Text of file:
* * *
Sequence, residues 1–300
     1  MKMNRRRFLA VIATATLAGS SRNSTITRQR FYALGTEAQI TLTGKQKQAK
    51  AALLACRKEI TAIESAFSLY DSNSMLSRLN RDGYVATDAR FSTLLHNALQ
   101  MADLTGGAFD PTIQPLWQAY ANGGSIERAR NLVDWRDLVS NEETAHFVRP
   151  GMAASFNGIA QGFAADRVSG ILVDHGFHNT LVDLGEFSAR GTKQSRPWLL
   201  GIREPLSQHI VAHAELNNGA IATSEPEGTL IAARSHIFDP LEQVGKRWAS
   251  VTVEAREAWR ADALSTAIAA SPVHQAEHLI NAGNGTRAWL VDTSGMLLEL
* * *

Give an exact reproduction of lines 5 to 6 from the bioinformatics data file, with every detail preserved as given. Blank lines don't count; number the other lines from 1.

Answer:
   151  GMAASFNGIA QGFAADRVSG ILVDHGFHNT LVDLGEFSAR GTKQSRPWLL
   201  GIREPLSQHI VAHAELNNGA IATSEPEGTL IAARSHIFDP LEQVGKRWAS